How is closing like a marriage proposal?

A lot is said about “closing the deal” or “closing techniques”, and some of the traditional methods are still very useful and at the same time, some new closing techniques are worth exploring.

Firstly let’s define what stages there are in winning more business, increasing your sales and getting customers to yes.

Getting a contract signed, agreeing a face to face meeting or the point where a prospect (someone interested but not yet a client) says yes to a new piece of work are all forms of closing deals. They all involve some sort of positive agreement, so let’s have a look at these positive agreements. You may have come across such closing techniques as:

  • The alternate close – “would you like it in red or blue?”, “would Tuesday or Wednesday be best for our meeting?”
  • The assumptive close – “Ok then let’s get the paperwork signed”. “How many would you like?”
  • Or slightly more unusual techniques like the puppy dog close – “Let’s run a two week trial and discuss your feedback and thoughts after that”. (Called the “puppy dog” close as it likened to giving a small child a puppy to play with for half an hour then trying to take it back. The child won’t want to relinquish the puppy nor will your customer want to return your product or service at the end other trial!)
  • Using a summary to close.

These closing techniques are all useful and effective and have a place. What we like to do is look at the customer’s journey from initial contact to closing the deal, and think of it in a specific way. This is where the marriage proposal comes in (bear with us on this).

The best way to do this is to think like someone who is about to ask their partner to marry them. If you have only just started your second date you probably wouldn’t dive in and ask the big question. You would generally build up to this gently over a period of time, make sure they are thinking the same way as you before diving in and asking the big question. The progression to popping the big question is usually in key stages; 1st date, 2nd date, meeting their friends, meeting their family going on holiday, etc.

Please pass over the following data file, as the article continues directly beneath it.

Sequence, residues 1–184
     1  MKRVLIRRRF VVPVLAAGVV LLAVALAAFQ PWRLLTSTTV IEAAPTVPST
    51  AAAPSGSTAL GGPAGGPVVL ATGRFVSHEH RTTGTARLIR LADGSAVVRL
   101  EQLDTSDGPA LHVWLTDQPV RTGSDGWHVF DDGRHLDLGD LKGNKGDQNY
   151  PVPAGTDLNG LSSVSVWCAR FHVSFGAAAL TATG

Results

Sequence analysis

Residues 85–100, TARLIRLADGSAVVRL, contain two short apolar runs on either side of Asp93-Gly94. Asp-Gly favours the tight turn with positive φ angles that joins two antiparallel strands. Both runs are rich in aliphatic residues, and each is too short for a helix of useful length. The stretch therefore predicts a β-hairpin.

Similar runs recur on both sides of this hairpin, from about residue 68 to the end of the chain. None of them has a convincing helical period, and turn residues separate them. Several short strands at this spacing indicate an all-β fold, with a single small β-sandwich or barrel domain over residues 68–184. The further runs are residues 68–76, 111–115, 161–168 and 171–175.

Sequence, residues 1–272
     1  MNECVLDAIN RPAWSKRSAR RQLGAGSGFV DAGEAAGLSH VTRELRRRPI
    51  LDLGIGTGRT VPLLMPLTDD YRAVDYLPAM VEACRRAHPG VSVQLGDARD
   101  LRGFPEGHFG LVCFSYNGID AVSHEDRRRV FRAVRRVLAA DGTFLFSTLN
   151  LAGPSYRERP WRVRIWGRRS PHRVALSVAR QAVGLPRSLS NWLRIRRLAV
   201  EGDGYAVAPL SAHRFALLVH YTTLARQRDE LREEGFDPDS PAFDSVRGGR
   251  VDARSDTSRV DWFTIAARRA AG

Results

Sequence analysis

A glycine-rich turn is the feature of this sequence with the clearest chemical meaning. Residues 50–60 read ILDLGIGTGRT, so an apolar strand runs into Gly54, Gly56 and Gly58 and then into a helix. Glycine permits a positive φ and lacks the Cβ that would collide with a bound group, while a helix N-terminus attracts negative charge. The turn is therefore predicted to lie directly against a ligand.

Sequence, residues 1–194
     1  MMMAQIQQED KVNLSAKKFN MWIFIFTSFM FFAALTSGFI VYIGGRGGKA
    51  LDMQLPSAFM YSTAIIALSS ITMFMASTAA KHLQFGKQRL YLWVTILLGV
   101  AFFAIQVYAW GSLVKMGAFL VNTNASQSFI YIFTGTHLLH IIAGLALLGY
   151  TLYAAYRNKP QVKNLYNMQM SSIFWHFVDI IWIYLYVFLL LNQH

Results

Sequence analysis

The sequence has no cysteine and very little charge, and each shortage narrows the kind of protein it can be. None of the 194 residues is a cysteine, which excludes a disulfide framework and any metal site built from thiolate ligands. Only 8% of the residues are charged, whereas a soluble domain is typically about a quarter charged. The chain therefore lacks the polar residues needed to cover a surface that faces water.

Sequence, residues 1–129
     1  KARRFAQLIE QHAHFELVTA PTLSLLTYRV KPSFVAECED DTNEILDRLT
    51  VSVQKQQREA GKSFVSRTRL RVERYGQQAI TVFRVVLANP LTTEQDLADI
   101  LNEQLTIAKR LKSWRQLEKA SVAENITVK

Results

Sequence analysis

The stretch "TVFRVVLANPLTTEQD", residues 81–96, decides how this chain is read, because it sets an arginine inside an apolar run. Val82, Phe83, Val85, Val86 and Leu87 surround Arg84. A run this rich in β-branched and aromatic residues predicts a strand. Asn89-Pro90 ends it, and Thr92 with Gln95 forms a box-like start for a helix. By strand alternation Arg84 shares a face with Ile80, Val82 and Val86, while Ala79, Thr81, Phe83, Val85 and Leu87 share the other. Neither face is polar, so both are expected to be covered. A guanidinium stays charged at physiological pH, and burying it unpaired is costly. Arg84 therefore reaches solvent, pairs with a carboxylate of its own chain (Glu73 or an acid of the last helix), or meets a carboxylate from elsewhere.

Taking key lessons from this we can apply a similar approach when asking for a commitment from a customer. These are often described as trial closes or staged closes.


A customer says as part of the discussion, that they are interested in your venue for a meeting.

How would the trial close be used?  What could you say?

Trial closes often end with:

“…isn’t it?”

“…haven’t you?”

“…wouldn’t you?”

By using a series of small agreements (just like the stages in building up to the marriage proposal) we test the water and understand how interested the person is. So before we get to the big question we can be sure if we are getting lots of agreement then we are more likely to get a positive answer from the big question!

So when it comes to closing a deal, winning that contract or gaining agreement, think like someone who wants to propose to their other half. Build the relationship, understand where they are in terms of level of commitment and buy in. The big question should in reality be nothing more than a gentle nudge, IF you have understood your customer’s level of commitment clearly. Have fun with this one.

Good luck with your proposals!


Image sourced from Pixabay


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